All recessions prior to 1981 had full job recovery in less than 11 months; the latest three recessions have flatter recovery profiles, and require much longer to reach full recovery.    If we calculate the rate of job recovery (slope of the positive line) from the chart above, we see a long-term trend.    The rate of job recovery following recessions has been in a secular decline since World War II.  
 This trend would seem to indicate a progressive structural change in the economy since World War II.  Jobs which disappear during recessions are becoming harder to replace.  The manufacturing sector, the workhorse of the American economy is shrinking.  Manufacturing jobs are disappearing as work is outsourced overseas and American factories are increasingly automated.  New jobs are increasingly sophisticated, and time for workers to acquire specialized training and skills, leading to the progression we have seen in job recovery following recessions.
The Hamilton Project created a useful interactive graphic showing the jobs growth and time required to return the country to full employment.   The graphic allows the viewer to choose a rate of job growth, and see the time required to recover jobs lost in the recession.   Data from the most recent Dept. of Labor shows that employment growth averaged 153,000 jobs/month in 2011, and 157,000 jobs/month so far in 2012.   If we assume a long-term trend of 155,000 jobs/month, and place this data in the Hamilton Project calculator, we see that the jobs gap will not close before the year 2025.  I recommend trying a few scenarios on this interactive calculator (http://www.hamiltonproject.org/jobs_gap/).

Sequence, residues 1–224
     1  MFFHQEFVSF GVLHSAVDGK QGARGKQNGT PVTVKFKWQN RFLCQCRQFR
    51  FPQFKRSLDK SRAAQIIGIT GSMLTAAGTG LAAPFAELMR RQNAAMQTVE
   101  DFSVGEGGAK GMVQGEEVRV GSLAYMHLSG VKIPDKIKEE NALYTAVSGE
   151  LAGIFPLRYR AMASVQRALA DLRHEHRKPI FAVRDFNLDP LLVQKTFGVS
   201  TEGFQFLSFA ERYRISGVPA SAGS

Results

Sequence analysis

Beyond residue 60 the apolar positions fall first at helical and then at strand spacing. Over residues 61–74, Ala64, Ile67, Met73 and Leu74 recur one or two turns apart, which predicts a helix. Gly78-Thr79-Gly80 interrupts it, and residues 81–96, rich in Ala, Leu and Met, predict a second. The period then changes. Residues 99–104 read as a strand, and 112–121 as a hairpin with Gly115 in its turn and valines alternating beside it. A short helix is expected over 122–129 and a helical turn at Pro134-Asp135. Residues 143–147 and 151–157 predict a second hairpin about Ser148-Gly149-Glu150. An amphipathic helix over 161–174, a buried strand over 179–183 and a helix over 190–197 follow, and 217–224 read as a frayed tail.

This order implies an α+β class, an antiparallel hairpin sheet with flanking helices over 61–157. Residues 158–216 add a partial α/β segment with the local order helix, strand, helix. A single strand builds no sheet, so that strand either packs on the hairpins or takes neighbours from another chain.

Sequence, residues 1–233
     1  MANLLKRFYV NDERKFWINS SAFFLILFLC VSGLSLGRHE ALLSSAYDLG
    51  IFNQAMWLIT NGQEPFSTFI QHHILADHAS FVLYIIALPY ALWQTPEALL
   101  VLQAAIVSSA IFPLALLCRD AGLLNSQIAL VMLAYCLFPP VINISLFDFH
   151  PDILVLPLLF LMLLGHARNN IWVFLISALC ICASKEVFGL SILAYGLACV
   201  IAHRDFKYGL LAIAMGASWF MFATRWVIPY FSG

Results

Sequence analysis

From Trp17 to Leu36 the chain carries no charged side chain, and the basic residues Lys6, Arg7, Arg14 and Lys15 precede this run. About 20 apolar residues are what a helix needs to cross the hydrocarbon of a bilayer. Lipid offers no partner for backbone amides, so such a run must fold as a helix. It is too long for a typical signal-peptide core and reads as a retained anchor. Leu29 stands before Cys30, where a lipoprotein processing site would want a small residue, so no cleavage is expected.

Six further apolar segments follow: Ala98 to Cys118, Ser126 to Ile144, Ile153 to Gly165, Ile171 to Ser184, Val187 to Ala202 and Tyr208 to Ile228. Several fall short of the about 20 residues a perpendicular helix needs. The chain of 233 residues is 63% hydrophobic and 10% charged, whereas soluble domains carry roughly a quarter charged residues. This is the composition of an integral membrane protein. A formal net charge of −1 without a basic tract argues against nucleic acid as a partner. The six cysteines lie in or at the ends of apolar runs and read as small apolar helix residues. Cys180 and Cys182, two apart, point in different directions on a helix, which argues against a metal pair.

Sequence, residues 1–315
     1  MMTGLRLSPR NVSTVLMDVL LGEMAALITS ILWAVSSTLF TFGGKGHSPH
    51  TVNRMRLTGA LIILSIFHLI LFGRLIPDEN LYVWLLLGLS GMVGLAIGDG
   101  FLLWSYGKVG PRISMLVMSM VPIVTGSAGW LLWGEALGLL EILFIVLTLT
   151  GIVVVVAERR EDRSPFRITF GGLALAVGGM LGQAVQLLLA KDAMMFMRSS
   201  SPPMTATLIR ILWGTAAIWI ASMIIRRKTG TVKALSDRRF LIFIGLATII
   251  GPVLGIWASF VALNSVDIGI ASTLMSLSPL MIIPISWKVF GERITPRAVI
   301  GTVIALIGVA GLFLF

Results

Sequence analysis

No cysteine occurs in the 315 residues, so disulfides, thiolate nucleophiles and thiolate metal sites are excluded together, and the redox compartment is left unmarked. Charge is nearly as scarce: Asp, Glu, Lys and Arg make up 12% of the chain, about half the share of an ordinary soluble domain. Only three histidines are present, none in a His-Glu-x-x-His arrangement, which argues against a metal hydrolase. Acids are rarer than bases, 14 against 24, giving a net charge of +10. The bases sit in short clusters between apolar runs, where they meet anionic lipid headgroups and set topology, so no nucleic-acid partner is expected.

The most recently reported jobs growth is 146,000, for November 2012; October jobs were revised downwards from 171,000 new jobs to 138,000 jobs.  It's clear we are falling short of the 220,000 jobs needed to restore jobs lost in the recession by the year 2020.